Twist in the Gut

Intiman proves Streetcar’s enduring power.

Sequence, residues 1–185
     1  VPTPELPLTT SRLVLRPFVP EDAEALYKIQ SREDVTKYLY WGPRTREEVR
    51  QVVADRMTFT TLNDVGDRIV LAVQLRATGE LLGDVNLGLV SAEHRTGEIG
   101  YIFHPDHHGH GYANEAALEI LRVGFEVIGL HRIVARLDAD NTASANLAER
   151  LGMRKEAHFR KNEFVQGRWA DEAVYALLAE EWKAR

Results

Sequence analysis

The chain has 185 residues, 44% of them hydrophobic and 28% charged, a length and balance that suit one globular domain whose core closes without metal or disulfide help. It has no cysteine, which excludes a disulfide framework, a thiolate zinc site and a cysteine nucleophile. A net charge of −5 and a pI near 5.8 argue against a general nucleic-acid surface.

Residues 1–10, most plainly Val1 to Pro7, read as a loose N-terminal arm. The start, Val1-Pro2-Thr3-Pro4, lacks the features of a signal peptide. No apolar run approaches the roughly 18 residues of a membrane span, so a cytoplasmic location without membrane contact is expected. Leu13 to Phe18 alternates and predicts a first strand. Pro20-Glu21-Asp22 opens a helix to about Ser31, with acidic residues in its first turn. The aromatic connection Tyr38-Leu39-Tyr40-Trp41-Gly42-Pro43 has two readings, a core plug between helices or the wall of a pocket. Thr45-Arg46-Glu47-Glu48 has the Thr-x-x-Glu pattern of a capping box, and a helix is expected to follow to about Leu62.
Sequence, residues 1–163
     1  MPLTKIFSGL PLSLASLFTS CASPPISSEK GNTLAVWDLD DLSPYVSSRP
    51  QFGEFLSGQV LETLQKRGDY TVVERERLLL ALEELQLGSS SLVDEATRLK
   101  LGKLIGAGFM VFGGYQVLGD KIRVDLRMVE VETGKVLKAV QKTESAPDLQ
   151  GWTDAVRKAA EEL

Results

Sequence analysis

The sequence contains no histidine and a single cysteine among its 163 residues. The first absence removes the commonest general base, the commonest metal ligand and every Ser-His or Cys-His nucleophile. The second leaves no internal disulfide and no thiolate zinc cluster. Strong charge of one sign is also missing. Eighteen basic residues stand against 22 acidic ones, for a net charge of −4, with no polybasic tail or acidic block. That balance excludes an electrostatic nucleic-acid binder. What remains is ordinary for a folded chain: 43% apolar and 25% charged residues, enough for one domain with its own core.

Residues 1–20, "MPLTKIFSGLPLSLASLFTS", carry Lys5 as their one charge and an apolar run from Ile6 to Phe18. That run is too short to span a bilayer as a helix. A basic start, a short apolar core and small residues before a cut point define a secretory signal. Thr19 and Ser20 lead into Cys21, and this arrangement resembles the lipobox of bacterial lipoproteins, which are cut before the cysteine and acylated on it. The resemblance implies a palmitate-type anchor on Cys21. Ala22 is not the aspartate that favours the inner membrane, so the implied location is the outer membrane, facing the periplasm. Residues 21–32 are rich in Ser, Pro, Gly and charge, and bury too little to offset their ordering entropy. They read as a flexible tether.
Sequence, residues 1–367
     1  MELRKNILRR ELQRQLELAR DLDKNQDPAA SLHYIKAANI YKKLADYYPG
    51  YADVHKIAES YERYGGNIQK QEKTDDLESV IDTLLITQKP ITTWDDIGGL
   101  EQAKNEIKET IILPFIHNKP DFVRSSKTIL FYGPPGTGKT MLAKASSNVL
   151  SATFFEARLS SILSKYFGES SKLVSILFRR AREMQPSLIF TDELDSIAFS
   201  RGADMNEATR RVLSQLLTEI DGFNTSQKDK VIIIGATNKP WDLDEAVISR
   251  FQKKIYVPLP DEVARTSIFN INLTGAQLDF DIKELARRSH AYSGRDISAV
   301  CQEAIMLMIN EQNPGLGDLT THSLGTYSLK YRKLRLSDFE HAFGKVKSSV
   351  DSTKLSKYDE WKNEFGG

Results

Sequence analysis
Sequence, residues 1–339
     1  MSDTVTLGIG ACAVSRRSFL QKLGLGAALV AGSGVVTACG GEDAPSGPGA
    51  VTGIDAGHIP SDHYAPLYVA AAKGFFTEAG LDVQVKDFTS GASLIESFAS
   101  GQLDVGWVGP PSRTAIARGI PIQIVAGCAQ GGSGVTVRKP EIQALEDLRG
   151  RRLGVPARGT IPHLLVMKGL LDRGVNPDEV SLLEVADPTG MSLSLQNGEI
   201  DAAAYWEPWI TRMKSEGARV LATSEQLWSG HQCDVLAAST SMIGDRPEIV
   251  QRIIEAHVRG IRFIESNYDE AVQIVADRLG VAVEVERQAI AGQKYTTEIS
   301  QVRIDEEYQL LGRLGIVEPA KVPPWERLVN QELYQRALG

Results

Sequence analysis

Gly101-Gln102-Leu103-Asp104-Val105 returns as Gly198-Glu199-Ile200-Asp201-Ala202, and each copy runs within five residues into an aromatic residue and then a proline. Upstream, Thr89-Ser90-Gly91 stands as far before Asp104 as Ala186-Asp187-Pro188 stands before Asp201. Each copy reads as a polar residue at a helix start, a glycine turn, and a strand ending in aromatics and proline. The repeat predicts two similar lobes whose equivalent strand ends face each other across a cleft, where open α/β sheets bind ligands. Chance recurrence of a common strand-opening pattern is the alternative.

In the annals of American dramaturgy, A Streetcar Named Desire isn't just an 800-pound gorilla—it's the whole monkey house. Family, betrayal, liquor, lunacy, and rape all intertwine in Williams' game of loyalties. Is Stella a sister first, or wife? Is Blanche driving the Kowalskis apart so she won't be alone in the world? And what of Stanley Kowalski, the archetypal Apeman, an unevolved lout who can't see past the fleeting cravings of his appendages?It's the very durability of these themes that make Streetcar one of the theater's greatest modern tragedies. Over the years, elements of the show have been hijacked, strip-searched, and turned inside out like a New Orleans bum mugged for his last nickel, but no writer has since reached the depths of pathos and poetry in Streetcar because none of them has ever envisioned characters as iconic and interdependent as Blanche, Stanley, and Stella. And while dialects come and go—much like the fabled streetcar—in this Intiman production, the heat rising from the stage is sustained and authentic.As New Orleanians learn early on, the best local dishes begin with a few key ingredients. Intiman director Sheila Daniels doesn't scrimp on the Crescent City atmospherics—here she's commissioned a musical underscore that ambles from Fats Waller's "Honeysuckle Rose" into the bluesy noodlings of pianist Jose J. Gonzales (who doubles as one of Stanley's poker buddies). There's also fine technical work, from Thomas Lynch's intentionally ramshackle set (which perfectly captures a cross-sected tenement on Elysian Fields) to Frances Kenney's smart eye for fashion and L.B. Morse's lighting cues that visually echo the storm gathering among the principals. Even the ensemble players (particularly Tim True, who plays Blanche's would-be conquest, Mitch) rise above the typical Williams caricatures of knuckle-draggers and their overfed and undereducated wives.But the success of any Streetcar staging ultimately rests on the shoulders of the three performers trapped in the eye of this hurricane. Some consider Blanche one of the most challenging roles in the American canon, and they are right. But because Williams invests his own love of poetry in her (a neat counterpoint to the monosyllabic Stanley) and she's given to flights of boozy imagination, she's granted a lot of latitude. Under Daniels' supervision, Angela Pierce underplays Blanche, and it's entrancing to watch the operatics minimized to anchor this Blanche in reality. Her mood shifts are incremental and believable, and they offer up a Blanche who's equal parts Frances Farmer and Grace Kelly gone to seed. All said, Pierce is captivating.Fleshing out Stanley Kowalski is tougher, especially since Brando still looms as the heavyweight champ of the role. Anyone daring a less cro-magnon approach should be provided a wheelbarrow to lug his...um, credentials...onstage. There's an aura of Jack Nicholson–esque menace (think The Last Detail) in Jonno Roberts' performance, but he's clearly a middleweight swinging past his reach, and while courageously attempted, his Stanley emerges more bully than brute.Stella is the alchemical role that gives Streetcar its final twist in the gut. Her task is to convince an audience that Stanley's sexual heat has her stuporous with passion, even though it's never depicted. Williams himself would probably have been thrilled with Chelsey Rives' performance, since she wears Stella like a model wears a negligee—you can tell she's comfortable, but she looks amazing, too. Rives' Stella is the newlywed best friend, the gullible gal Friday, and the cockeyed optimist we all wish we could be. Through her rose-tinted glasses, she's every bit as self-deluded as sister Blanche, and when Stella discovers what her inaction has wrought, it rings down the curtain on a ghastly note of horror.There's a reason people still clamor for new productions of A Streetcar Named Desire, rather than rent the film on DVD or wait for a screen revival somewhere. These characters are some of the most potent ever created, and, as the Intiman cast and crew ably demonstrate, to see them stalk each other onstage is as riveting as theater gets.stage@seattleweekly.com

 
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